Chibani Leather empowers the marginalized

Before Eden Gelan launched Chiban Leather in September 2015, she worked as a consultant in the leather sector, spending her days in tanneries and manufacturing companies. Previously, she had worked in the world of handcrafts where many of the workers came from marginalized backgrounds.
Her goal, as she stated in an email, was to bring Ethiopian leather to the marketplace and create employment opportunities with a fair living wage to vulnerable people in Ethiopia. “Ethiopia has the biggest livestock population in Africa, but only a handful of manufacturers reach the international market. Moreover, many marginalized men and women who go through countless rehabilitation programs are unable to find jobs. Coupling our passion to empower people along with bridging the industry gap was our inspiration.”
The artisans she’s hired come from rehabilitation centers who were formerly sex workers and homeless street children. Training consists of teaching employees how to cut and piece together the leather handbags and wallets the company manufactures.
The design process starts from Chiban’s own local and international designers as well as from the company’s  clients who prefer their own designs. Before proceeding to production, Chiban creates prototype samples and gets confirmation from the clients. “Once we purchase the raw materials, the production starts which includes splitting, skiving, cutting and brand stamping. Then follows stitching of the bags. The finishing process includes cutting and burning off threads and polishing. In the quality control stage, we carefully check whether each finished bag meets our standards. Finally, we pack and get the bags ready for shipment,” Gelan explained.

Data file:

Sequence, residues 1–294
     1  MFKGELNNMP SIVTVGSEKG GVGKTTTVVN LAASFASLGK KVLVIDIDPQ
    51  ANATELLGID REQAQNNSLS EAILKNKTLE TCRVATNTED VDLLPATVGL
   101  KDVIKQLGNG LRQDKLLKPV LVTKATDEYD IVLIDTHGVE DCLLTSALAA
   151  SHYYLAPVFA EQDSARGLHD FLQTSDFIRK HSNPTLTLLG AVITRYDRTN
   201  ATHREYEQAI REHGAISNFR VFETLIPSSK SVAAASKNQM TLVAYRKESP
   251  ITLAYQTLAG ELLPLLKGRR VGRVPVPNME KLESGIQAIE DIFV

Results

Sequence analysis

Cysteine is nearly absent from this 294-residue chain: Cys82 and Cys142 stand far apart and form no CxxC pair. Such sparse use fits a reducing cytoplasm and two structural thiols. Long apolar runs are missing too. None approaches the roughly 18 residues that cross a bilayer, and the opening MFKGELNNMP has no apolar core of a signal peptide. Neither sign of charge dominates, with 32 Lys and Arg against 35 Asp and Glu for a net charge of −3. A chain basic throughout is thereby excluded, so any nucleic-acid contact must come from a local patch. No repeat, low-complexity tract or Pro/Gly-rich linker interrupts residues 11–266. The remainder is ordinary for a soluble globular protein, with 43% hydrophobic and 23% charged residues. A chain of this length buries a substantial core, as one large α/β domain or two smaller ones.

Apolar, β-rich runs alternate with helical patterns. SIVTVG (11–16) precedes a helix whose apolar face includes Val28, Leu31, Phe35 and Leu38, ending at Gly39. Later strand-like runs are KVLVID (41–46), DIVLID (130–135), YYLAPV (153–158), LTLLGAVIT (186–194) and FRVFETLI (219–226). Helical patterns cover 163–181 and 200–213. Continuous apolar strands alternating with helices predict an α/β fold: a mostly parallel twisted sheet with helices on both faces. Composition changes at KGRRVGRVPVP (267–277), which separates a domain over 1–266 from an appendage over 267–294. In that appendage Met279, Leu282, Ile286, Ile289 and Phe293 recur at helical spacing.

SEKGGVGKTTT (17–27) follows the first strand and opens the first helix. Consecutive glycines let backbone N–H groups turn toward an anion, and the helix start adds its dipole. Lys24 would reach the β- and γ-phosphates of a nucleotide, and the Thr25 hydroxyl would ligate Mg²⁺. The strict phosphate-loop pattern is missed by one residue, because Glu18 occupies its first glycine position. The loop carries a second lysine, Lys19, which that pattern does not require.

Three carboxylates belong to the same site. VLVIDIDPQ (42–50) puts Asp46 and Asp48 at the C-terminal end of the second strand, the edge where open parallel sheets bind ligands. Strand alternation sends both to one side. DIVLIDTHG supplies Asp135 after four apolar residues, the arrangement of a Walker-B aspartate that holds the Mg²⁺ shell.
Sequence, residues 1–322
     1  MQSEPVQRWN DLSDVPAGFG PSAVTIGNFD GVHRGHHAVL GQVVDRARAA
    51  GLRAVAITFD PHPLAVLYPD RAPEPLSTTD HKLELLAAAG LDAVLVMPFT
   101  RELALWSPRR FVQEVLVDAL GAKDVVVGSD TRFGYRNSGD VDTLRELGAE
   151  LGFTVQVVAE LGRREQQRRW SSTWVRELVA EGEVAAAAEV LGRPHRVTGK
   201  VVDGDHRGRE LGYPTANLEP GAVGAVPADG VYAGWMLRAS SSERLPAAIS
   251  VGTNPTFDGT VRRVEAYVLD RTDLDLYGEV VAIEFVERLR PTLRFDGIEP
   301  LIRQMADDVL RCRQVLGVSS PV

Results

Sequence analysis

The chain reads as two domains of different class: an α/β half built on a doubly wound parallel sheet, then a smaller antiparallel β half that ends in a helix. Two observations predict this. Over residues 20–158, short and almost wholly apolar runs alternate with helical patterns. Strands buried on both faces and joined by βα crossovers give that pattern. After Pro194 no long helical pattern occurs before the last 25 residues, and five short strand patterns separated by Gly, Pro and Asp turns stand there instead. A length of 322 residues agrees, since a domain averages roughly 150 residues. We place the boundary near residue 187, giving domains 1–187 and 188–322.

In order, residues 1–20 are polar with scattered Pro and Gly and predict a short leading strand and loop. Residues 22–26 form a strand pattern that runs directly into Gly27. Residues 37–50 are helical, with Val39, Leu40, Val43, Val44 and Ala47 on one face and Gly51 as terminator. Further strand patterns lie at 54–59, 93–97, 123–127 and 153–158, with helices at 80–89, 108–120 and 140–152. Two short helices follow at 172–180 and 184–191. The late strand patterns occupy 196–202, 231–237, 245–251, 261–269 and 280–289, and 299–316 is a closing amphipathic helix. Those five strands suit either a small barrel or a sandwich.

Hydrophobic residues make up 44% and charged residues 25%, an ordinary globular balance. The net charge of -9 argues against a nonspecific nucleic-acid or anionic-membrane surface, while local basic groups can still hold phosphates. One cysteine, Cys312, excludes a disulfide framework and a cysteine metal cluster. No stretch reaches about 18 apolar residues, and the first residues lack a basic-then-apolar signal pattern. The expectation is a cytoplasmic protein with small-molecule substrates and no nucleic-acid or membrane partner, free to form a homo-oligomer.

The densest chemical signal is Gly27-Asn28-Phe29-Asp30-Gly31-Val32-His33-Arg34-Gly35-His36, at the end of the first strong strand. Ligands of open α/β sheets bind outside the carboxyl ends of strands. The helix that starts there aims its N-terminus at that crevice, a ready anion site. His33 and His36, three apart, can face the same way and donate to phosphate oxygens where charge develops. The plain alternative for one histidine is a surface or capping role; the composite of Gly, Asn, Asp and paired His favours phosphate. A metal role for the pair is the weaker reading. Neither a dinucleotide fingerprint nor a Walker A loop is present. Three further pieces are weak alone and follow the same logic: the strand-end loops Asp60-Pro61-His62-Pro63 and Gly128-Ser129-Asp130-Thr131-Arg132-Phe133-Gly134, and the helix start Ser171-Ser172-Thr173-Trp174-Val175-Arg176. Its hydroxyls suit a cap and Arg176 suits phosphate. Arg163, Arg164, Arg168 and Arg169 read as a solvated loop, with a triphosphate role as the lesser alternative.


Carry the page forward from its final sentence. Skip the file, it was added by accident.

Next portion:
Like many new business ventures, Chiban has had its share of successes and disappointments. The  biggest success thus far has been able to cross borders and reach out to the international market in a relatively short period of time and delivering orders promptly. On the other hand, many of their fair trade customers make small custom orders that reduces Chiban’s production efficiency and overall output.
Gelan hopes that attending NY NOW’s Artisan Resource from February 5-8 at the Jacob Javits Center in New York City will bring in new customers with larger orders that she can bring back to her production team in Addis Ababa.  The current collection to be shown includes the women’s line consisting of beautifully made totes, handbags, cross body bags, wallets, makeup bags, and clutched. The men’s line includes their renowned messenger bags, shaving kit bags and elegant wallets.
To view the products and for more information visit